School of Life Sciences

Prof Hafizah Chenia

Associate Professor

Prof Hafizah Chenia is an Associate Professor in the discipline of Microbiology. Many bacteria have evolved innovative means of ensuring their survival, including making a biofilm lifestyle choice, using bacterial communication systems and horizontal transfer of antimicrobial resistance genes.  This has implications on antimicrobial usage in both clinical and veterinary medicine.  The research focus of my group is on understanding biofilm formation and bacterial quorum sensing of clinical and aquaculture pathogens and identifying novel anti-virulence strategies to control them. This has led to increased research on drug discovery from marine- and plant endophyte-associated bacteria, as well as investigating the mechanisms of action of indigenous South African medicinal plants.

Research interests

  • Bacterial quorum sensing
  • Bacterial biofilms
  • Bacterial endophytes from medicinal plants and their potential for drug discovery
  • Inhibition of quorum sensing and biofilm formation for drug discovery using marine microorganisms
  • Fish pathogens and aquaculture
  • Antimicrobial resistance genes and efflux pumps

Research profiles

Current projects

Many bacteria have evolved innovative means of ensuring their survival, including making a biofilm lifestyle choice, using bacterial communication systems and horizontal transfer of antimicrobial resistance genes.  This has implications on antimicrobial usage in both clinical and veterinary medicine.  The research focus of my group is on understanding biofilm formation and bacterial quorum sensing of clinical, marine and/or aquaculture pathogens and identifying novel anti-virulence strategies to control them. This has led to increased research on drug discovery from marine- and plant endophyte-associated bacteria, as well as investigating the mechanisms of action of indigenous South African medicinal plants. We are also focused on the biosynthesis of nanoparticles using bacteria and assessing their potential bioactivity. Other areas of research include assessing antimicrobial resistance of bacteria from clinical and environmental compartments and using genome sequencing to obtain greater insight into their resistomes and virulomes.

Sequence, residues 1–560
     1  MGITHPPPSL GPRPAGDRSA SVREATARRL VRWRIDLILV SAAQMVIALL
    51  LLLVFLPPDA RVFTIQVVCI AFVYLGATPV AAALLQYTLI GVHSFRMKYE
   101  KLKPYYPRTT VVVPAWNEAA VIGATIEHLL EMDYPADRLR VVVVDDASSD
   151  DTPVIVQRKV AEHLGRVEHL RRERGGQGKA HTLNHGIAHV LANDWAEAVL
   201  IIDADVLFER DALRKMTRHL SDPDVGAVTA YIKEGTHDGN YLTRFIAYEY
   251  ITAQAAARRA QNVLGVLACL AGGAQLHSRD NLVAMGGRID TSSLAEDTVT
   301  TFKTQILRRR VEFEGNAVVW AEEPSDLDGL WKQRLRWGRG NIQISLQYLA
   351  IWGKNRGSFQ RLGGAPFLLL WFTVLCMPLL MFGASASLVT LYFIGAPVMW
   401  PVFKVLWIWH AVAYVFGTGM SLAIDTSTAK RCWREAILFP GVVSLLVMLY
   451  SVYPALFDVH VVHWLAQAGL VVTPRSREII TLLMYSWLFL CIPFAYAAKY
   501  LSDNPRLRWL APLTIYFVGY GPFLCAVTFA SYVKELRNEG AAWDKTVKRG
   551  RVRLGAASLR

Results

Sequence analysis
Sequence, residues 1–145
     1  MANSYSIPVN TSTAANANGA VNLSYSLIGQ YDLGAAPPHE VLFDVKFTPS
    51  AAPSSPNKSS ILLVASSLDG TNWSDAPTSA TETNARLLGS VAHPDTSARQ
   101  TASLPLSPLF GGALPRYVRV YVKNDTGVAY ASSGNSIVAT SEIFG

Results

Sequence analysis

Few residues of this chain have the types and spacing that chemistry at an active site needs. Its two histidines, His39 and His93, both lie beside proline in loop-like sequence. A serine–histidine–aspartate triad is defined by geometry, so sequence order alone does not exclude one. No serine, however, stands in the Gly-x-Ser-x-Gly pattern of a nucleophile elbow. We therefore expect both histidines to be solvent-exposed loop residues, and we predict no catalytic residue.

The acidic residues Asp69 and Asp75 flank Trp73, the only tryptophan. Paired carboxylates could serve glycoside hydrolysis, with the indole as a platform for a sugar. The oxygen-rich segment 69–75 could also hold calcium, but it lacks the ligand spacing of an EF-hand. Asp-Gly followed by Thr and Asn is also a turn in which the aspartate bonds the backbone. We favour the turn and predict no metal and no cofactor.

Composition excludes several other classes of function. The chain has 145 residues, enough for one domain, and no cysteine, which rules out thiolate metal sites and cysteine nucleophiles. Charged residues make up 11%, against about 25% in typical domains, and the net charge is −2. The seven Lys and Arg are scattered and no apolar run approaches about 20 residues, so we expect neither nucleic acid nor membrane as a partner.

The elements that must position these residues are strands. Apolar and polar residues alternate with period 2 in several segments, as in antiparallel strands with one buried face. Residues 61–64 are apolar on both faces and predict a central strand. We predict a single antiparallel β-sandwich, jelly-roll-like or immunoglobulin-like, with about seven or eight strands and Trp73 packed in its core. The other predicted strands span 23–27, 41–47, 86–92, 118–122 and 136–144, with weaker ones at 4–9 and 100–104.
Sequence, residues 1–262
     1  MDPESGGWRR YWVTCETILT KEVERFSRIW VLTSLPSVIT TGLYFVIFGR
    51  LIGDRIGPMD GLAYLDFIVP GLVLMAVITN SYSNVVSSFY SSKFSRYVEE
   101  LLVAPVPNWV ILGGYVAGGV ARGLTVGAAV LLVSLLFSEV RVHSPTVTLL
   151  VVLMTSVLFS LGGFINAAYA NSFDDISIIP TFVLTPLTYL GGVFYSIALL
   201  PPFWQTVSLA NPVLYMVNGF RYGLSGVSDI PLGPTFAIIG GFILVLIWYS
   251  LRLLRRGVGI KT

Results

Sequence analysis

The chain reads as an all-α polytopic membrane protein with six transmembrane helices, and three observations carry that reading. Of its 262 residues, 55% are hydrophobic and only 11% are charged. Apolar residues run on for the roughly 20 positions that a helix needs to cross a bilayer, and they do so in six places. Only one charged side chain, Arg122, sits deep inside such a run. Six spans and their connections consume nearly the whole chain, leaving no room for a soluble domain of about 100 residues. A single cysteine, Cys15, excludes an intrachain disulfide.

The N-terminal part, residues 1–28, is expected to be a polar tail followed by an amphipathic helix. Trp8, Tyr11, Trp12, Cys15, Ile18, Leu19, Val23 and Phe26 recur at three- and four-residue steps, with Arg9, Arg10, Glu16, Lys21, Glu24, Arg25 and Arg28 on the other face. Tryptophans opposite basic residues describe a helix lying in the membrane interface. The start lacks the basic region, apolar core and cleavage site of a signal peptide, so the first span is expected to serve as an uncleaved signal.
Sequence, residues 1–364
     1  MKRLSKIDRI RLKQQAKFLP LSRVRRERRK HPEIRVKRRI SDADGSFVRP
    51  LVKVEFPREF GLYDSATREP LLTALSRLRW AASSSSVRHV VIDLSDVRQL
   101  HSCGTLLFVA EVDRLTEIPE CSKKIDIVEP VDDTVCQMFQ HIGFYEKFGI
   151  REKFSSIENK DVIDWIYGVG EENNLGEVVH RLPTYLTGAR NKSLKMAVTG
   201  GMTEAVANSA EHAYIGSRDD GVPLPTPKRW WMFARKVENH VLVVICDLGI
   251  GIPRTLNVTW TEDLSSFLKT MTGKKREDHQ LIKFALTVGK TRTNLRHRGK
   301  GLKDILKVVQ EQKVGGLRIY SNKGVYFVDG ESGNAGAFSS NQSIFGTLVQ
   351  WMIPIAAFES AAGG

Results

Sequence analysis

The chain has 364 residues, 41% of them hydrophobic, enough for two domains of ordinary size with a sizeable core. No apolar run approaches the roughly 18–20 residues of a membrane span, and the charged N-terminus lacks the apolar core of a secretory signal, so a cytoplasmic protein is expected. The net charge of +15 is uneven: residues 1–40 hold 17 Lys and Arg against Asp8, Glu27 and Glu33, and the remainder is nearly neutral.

Many bacteria have evolved innovative means of ensuring their survival, including making a biofilm lifestyle choice, using bacterial communication systems and horizontal transfer of antimicrobial resistance genes.  This has implications on antimicrobial usage in both clinical and veterinary medicine.  The research focus of my group is on understanding biofilm formation and bacterial quorum sensing of clinical, marine and/or aquaculture pathogens and identifying novel anti-virulence strategies to control them. This has led to increased research on drug discovery from marine- and plant endophyte-associated bacteria, as well as investigating the mechanisms of action of indigenous South African medicinal plants. We are also focused on the biosynthesis of nanoparticles using bacteria and assessing their potential bioactivity. Other areas of research include assessing antimicrobial resistance of bacteria from clinical and environmental compartments and using genome sequencing to obtain greater insight into their resistomes and virulomes.

Affiliations

  • Biofilms and Quorum-Sensing Inhibition Group